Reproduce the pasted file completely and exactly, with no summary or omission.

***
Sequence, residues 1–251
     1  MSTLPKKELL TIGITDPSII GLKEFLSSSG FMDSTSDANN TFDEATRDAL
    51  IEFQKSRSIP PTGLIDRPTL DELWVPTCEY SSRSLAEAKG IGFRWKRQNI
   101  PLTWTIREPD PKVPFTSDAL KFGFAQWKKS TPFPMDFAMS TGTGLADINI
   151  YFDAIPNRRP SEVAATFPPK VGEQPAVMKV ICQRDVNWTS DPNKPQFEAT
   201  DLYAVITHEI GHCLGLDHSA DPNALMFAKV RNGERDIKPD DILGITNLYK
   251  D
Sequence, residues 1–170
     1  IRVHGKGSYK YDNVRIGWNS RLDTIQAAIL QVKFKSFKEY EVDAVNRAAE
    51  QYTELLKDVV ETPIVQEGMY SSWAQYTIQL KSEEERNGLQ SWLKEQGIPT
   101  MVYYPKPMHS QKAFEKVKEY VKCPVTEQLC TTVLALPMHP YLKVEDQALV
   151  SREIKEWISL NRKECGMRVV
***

Sequence, residues 1–251
     1  MSTLPKKELL TIGITDPSII GLKEFLSSSG FMDSTSDANN TFDEATRDAL
    51  IEFQKSRSIP PTGLIDRPTL DELWVPTCEY SSRSLAEAKG IGFRWKRQNI
   101  PLTWTIREPD PKVPFTSDAL KFGFAQWKKS TPFPMDFAMS TGTGLADINI
   151  YFDAIPNRRP SEVAATFPPK VGEQPAVMKV ICQRDVNWTS DPNKPQFEAT
   201  DLYAVITHEI GHCLGLDHSA DPNALMFAKV RNGERDIKPD DILGITNLYK
   251  D
Sequence, residues 1–170
     1  IRVHGKGSYK YDNVRIGWNS RLDTIQAAIL QVKFKSFKEY EVDAVNRAAE
    51  QYTELLKDVV ETPIVQEGMY SSWAQYTIQL KSEEERNGLQ SWLKEQGIPT
   101  MVYYPKPMHS QKAFEKVKEY VKCPVTEQLC TTVLALPMHP YLKVEDQALV
   151  SREIKEWISL NRKECGMRVV